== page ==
Managing Director Cecilia Conrad offers several use cases for the 100&Change Solutions Bank, a searchable database of submissions to the 100&Change competition that has become a one-of-a-kind resource for funders, researchers, and the nonprofit sector.
Our original goal for 100&Change, an open competition for a single $100 million grant, was fairly simple: identify a project outside our usual networks that with substantial resources disbursed over a compressed time period (three to five years) could make significant progress in addressing a critical problem. And we succeeded. In December 2017, MacArthur's board of directors selected an early childhood intervention project, a collaboration between Sesame Workshop and the International Rescue Committee, as the recipient of the $100 million grant. The other three finalists — Catholic Relief Services, HarvestPlus, and the Rice 360° Institute for Global Health (Rice University) — were each awarded grants of $15 million and a commitment from MacArthur to help identify additional sources of funding.
After we launched the competition, however, we realized that 100&Change's open call had an important side benefit: the surfacing of a wealth of ideas for solving problems around the globe, ideas at various stages of development but good ideas nonetheless. We were logging those ideas into a database here at the foundation, but we soon recognized the database could be a public resource serving other funders who might find interesting projects to support, communities looking for innovative solutions to their challenges, and problem-solvers and researchers looking for others with similar interests. So, after a number of conversations and phone calls, we found ourselves collaborating with Foundation Center on the 100&Change Solutions Bank, a searchable (by geography, subject area, keyword, and Sustainable Development Goal) repository of submissions to the 100&Change competition.
View map and explore solutions that need resources ›
Interesting, right? But maybe you're not sure how the Solutions Bank can help you. No problem. Here are four sample use cases:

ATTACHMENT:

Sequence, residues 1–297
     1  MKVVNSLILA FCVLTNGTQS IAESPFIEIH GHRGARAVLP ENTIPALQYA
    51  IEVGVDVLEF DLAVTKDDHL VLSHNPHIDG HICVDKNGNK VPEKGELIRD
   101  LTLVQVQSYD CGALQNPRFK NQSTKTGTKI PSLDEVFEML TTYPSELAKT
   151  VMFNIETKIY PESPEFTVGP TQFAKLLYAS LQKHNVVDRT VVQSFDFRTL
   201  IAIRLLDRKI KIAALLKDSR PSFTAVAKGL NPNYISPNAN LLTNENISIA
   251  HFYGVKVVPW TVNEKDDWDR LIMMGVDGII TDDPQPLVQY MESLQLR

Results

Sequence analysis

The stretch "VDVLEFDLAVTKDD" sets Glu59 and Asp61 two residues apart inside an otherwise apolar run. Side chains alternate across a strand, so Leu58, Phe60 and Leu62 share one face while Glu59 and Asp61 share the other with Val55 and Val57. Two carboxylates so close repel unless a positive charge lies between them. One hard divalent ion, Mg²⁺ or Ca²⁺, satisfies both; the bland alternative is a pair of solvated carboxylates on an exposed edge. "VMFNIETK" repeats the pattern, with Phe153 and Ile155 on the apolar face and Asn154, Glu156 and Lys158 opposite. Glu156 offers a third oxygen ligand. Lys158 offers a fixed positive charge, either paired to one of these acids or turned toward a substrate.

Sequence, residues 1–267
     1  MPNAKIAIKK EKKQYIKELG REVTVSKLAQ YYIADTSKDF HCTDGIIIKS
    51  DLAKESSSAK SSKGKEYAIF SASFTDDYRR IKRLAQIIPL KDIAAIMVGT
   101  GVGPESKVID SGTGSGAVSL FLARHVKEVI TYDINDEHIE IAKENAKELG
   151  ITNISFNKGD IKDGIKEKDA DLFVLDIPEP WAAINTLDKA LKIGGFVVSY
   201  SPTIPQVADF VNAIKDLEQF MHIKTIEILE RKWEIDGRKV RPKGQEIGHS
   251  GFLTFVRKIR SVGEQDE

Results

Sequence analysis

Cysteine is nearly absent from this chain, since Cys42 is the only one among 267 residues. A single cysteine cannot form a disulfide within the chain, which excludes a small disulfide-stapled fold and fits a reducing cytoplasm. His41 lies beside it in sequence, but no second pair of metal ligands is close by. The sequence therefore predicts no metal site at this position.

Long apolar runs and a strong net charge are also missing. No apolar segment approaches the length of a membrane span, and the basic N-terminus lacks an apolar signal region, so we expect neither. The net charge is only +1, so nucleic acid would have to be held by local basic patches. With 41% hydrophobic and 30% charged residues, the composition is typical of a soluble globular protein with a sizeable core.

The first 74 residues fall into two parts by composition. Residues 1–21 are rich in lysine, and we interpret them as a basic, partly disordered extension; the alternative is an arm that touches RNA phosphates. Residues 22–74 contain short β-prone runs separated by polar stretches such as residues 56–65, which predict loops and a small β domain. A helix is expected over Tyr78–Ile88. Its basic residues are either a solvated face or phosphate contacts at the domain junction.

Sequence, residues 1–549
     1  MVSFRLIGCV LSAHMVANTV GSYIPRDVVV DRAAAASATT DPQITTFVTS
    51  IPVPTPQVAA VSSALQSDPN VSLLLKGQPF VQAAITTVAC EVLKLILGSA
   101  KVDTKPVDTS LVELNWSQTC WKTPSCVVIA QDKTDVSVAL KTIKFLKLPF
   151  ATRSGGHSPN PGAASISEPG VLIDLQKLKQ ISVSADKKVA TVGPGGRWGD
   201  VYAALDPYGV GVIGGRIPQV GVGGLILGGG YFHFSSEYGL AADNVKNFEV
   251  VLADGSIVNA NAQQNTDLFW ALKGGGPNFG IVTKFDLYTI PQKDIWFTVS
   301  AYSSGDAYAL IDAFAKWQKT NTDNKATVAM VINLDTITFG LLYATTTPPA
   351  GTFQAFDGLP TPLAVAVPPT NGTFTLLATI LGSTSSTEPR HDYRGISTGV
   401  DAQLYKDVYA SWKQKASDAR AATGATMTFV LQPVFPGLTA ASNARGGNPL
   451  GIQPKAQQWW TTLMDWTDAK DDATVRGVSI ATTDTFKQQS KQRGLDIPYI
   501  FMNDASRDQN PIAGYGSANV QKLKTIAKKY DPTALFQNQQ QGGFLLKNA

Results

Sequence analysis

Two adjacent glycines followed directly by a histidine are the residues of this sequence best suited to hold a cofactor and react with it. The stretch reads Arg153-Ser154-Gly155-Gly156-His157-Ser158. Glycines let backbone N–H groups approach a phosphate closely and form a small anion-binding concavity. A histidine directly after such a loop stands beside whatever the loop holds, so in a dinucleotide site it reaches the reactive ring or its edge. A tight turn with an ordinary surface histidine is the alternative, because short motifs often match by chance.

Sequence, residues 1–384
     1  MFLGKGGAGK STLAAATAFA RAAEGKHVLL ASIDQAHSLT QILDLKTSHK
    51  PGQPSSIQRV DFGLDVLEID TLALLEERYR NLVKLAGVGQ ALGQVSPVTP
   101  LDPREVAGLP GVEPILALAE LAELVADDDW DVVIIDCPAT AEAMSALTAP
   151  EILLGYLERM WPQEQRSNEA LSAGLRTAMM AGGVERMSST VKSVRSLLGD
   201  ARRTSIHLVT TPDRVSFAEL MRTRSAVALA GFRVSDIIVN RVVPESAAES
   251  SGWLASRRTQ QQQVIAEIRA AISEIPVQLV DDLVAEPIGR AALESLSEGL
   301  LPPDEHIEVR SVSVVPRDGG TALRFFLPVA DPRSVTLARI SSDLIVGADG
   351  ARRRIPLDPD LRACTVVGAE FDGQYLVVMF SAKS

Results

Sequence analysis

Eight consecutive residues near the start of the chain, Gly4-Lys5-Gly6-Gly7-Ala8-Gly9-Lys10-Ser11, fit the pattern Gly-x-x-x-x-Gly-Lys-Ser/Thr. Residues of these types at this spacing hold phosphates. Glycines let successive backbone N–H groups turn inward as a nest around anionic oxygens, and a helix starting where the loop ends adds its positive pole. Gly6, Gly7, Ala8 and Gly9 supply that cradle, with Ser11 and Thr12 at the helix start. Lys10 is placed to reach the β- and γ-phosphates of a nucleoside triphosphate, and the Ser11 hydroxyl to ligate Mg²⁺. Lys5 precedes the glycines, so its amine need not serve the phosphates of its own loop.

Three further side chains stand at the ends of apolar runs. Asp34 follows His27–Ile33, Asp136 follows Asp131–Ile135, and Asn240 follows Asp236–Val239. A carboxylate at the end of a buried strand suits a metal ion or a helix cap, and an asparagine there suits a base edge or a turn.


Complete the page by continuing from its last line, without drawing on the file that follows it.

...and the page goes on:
Hunts Point Alliance for Children
The Solutions Bank can also be a launch point for other kinds of analyses. For example, I recently gave a talk to the National Economic Association, an organization focused on promoting the professional lives of minority economists, and I knew beforehand the audience would be interested in projects that address racial inequality. So, I went to the Solutions Bank and used a combination of keyword searches and built-in filters to identify sixty-two projects focused on racial inequality in the United States. (That is a somewhat subjective count, given it includes projects self-identified as focused on equity and inclusion as well as projects that used "racial inequality" or "racial equity" in the text of their proposals.)
Next, I read each proposal and applied a taxonomy based on three explanations for the persistence of racial disparities frequently cited in economics literature: (a) gaps in human and social capital; (b) market failure; and (c) discrimination and structural/institutional racism.
Using the Solutions Bank for an analysis of this type is labor intensive, but the intelligence I was able to gather was well worth the time invested.
Explore subjects in this interactive diagram ›
The Solutions Bank has limitations. An important one is that it represents a snapshot of the sector at a single moment in time (October 2016). At present, we have no means to update the information as projects evolve. For example, we know from e-mail communications and its website that the Manufacturing Renaissance project, which links manufacturing jobs with education infrastructure to spur community development, has made significant progress over the past year. For our next iteration of 100&Change, we want to think about how to make the database more dynamic. Even with these and other limitations, the Solutions Bank is a one-of-a-kind resource for funders, researchers, and the nonprofit sector. But don't take our word for it – take it for a test drive yourself.
This piece originally ran in PhilanTopic, a Philanthropy News Digest blog.